A postcard from Leo Schmidt?
I can’t believe it!
I’m trying to solve the mystery of a boy called Leopold Schmidt who migrated to Australia years ago. Leopold is long dead, but this new Leo is very much alive (and kicking).
When Henni leaves a note in a box of old books under a house, she doesn’t really expect it to be answered by someone living on the other side of the world. But in a curious set of coincidences, the note she left for anyone related to Leopold Schmidt was found by the uncle of thirteen year old Leo, who lives in Germany. Soon, Leo and Henni are exchanging emails, trying to unravel the mystery of Leopold. Then there are the dramas of their own lives, which they share with each other in a way more honest and intimate than if they lived in the same town.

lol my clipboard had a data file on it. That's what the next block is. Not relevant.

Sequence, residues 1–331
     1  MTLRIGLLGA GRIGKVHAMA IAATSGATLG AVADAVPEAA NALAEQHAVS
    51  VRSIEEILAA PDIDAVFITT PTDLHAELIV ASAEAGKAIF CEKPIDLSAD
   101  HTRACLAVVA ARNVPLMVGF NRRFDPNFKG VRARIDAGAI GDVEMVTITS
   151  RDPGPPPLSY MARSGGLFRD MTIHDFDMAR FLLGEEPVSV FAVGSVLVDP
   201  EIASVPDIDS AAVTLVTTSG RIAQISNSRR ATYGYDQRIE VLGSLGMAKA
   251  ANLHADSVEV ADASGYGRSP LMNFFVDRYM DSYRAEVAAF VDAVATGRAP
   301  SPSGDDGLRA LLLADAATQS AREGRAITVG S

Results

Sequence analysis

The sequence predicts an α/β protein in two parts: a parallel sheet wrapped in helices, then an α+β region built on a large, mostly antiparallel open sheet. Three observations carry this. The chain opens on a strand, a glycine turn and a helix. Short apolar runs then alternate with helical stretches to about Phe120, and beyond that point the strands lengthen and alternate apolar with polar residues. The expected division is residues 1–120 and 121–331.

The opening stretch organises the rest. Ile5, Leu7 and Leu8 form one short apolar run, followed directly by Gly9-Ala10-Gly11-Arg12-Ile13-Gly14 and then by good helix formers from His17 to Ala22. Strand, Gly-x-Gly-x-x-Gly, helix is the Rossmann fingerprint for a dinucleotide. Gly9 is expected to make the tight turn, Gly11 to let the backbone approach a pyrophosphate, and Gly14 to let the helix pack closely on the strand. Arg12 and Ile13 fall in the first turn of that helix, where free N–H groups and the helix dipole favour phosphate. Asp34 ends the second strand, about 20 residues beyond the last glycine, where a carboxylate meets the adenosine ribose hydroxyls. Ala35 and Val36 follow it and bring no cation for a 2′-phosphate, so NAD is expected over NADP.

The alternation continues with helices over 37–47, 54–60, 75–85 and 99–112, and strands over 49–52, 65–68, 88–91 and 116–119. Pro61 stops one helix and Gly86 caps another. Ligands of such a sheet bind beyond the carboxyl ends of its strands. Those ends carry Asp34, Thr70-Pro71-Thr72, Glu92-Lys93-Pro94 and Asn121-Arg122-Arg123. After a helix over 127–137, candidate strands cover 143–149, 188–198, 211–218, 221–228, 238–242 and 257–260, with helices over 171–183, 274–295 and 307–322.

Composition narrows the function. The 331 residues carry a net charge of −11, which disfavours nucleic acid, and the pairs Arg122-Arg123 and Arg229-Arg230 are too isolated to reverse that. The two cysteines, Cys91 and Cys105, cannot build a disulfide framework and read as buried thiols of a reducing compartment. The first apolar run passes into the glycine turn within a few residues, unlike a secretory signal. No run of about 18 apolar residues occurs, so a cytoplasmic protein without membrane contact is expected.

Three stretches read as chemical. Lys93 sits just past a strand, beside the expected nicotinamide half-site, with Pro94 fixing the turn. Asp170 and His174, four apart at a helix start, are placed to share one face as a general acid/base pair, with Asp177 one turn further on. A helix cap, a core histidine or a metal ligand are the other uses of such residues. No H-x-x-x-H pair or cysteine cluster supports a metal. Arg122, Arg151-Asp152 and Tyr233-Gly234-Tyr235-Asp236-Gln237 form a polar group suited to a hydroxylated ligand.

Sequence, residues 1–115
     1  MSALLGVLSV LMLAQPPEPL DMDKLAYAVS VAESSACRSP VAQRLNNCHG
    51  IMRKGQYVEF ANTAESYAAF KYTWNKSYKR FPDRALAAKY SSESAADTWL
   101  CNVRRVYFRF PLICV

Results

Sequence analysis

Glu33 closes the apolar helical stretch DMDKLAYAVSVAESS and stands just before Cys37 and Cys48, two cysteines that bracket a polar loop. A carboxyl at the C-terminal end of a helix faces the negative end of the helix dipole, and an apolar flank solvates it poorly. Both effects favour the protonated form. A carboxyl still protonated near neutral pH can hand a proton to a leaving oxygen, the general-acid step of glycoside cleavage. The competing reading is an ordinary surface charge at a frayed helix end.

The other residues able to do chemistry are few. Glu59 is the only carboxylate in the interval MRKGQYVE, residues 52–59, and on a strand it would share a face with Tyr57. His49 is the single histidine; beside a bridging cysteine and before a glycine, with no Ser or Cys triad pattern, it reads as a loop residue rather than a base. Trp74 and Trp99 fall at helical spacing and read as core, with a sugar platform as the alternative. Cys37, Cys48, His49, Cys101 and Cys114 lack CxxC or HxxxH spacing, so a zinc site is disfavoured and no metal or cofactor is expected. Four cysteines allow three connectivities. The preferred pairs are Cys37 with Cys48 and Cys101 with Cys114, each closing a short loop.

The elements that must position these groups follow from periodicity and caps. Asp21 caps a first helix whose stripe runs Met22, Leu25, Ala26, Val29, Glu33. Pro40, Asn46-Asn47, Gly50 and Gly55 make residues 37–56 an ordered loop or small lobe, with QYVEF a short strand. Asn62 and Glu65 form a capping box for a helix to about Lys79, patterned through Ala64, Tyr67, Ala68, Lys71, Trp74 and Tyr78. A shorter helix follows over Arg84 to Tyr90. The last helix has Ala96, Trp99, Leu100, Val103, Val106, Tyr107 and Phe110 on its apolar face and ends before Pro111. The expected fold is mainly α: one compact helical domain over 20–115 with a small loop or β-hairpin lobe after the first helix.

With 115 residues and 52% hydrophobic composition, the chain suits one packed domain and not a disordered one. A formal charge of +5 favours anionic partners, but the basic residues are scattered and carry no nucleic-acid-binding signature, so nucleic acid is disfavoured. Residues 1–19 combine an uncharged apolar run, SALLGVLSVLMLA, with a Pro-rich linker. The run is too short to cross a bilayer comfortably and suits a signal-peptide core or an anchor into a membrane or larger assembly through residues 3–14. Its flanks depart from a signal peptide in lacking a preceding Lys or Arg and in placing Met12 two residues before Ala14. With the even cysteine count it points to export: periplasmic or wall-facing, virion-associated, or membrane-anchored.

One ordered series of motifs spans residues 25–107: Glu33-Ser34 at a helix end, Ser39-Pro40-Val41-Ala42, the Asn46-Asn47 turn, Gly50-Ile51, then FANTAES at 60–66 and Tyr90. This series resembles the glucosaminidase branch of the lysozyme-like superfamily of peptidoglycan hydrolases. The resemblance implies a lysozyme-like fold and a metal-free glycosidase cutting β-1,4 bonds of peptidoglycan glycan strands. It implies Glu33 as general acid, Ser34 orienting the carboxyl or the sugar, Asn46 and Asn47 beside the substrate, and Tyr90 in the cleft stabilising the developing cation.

To the Boy in Berlin is a funny, but also sad and insightful story, told from the dual perspectives of Henni and Leo, through their exchanged emails. Each character’s emails have actually been written by a different author, in an unusual collaboration between Australian author Elizabeth Honey and her German translator, Heike Brandt. The idea was developed long distance, but fleshed out when Brandt was able to visit Australia.
The character of Henni will be familiar to fans of Honey’s work, having earlier appeared in titles including The Ballad of Cauldron Bay and Fiddle Back. The addition of a second viewpoint character and the novelty of the email format will delight fans of the earlier books, but this new offering also stands alone.
Great reading for 10 to 14 year old readers.
To The Boy In Berlin, by Elizabeth Honey and Heike Brandt
Allen & Unwin, 2007
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